Geothermal power waiting for its renaissance
OTTAWA (Reuters) - For all the talk of a geothermal renaissance fueled by government incentives and the quest for clean energy, Canadian investors are cool on the sector, despite a list of compelling business advantages.
Industry claims lauding the renewable, round-the-clock and profitable power source are more than just hot air, say analysts, who believe better times are ahead.
All that's needed are more examples of companies with money-making power plants, a better investor understanding of the business and a dash of economic recovery.
That's a tall order, but for patient investors prepared to take a risk, now may be the time to buy these distressed stocks.
Geothermal companies, which tap heat stored far below the earth's surface to generate electricity, are starting to attract serious interest from big, traditional power producers that are preparing carbon offset programs.
Enbridge Inc, Canada's second-biggest pipeline operator, said earlier this month that it would spend $23.8 million for a 20 percent stake in US Geothermal's Neal Hot Springs project.
"Oil and gas, mining, utilities; they're all circling geothermal. However, these companies are generally loaded with ... engineers that don't know anything about geothermal and the last person to try something before it's really proven is an engineer," said Jacob Securities analyst John McIlveen.
"They realize the attraction of geothermal being the only baseload (steady flow) renewable power. I think eventually you'll see many of them entering this field, and so Enbridge being the first, I think, was a really good sign."
Several analysts raised their stock targets for US Geothermal afterward. Wellington West Capital upgraded the stock to 'buy' from 'speculative buy". Over the past 12 months, the stock has shed more than half its value. It closed at 84 Canadian cents on Friday.
Enbridge's investment, one of many it has made in renewable power, but its first in geothermal energy, briefly lifted US Geothermal's stock by more than 18 percent.
"If we do see more of that in the space, it could be a factor which contributes to a geothermal love-in," said Mackie Research analyst Matt Gowing. "And now is a great time for these guys to get active, because valuations in the sector are very attractive."
Despite depressed valuations, geothermal companies have successfully raised cash in recent months, sending a positive signal for future project development and internal growth.
Nevada Geothermal Power, for example, recently closed a $98.5 million loan with John Hancock with the first-ever U.S. Department of Energy loan guarantee. It will save an estimated $9 million in annual interest payments.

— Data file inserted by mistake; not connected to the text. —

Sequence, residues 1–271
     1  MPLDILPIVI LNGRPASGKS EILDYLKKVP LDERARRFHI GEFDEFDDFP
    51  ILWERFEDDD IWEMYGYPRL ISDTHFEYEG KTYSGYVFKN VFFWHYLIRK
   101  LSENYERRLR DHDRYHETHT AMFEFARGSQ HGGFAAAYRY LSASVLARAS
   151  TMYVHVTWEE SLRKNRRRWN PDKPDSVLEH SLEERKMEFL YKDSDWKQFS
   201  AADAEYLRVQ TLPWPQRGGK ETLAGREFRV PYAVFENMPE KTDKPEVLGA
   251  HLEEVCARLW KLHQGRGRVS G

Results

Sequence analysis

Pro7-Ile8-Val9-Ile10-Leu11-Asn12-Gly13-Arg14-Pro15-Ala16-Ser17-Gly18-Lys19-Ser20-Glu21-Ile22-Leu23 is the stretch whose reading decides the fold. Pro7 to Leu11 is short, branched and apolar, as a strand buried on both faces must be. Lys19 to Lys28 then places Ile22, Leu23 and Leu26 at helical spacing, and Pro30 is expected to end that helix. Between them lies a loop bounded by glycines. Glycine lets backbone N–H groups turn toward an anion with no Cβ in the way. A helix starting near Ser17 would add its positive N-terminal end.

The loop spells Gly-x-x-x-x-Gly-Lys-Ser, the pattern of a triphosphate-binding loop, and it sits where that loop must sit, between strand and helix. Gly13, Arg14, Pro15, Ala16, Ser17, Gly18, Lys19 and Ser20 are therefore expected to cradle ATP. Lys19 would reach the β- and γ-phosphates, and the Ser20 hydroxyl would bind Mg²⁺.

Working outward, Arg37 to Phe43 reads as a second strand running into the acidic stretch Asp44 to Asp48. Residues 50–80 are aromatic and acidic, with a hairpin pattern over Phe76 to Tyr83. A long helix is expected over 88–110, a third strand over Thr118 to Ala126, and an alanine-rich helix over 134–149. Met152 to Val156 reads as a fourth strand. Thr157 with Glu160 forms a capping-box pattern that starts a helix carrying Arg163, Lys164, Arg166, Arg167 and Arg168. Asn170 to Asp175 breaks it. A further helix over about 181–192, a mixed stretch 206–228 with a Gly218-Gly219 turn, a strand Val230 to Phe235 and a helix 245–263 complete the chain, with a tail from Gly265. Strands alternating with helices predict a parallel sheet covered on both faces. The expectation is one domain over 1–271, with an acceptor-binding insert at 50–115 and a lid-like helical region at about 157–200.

CONSOLIDATION PICKS UP STEAM
A consolidation jag that has gathered steam over the past year is seen as another catalyst to stock gains. A dwindling number of targets may help drive M&A premiums higher.
The deal-making is driven by the hefty financial and human capital required to develop geothermal power.
Ram Power merged last year with Polaris Geothermal, Western GeoPower Corp and GTO Resources. This month it closed a C$28 million ($27 million) deal to buy Sierra Geothermal Power.
Magma Energy Corp, Canada's biggest geothermal company, has secured a 98.53 percent stake in Iceland's HS Orka through a series of transactions.
"Today we have about five or six publicly traded companies in this space, mostly in Canada," Ram Power's CEO, Hezy Ram, said at a recent conference.
"Eventually, I expect to have just a few champions, large companies that are well capitalized and able to develop those projects internationally."
Magma CEO Ross Beaty wants to build his company to the size of sector-leading Ormat Technologies and become one of the industry champions.
But the one-time mining magnate is frustrated by Magma's weak valuation -- the stock is well below the initial public offering price of just 15 months ago.
Beaty plans to list Magma on a U.S. exchange in the next six to seven months and, as part of that process, tell his company's story far and wide.
Gowing said the sector doesn't get the attention it deserves, but believes that may soon change.
"I'm optimistic that we are in a period of economic recovery and you're going to see a return energy price inflation and that's going to be a key driver to push geothermal valuations higher," said Gowing.
(Reporting by Susan Taylor; editing by Rob Wilson and Jeffrey Hodgson)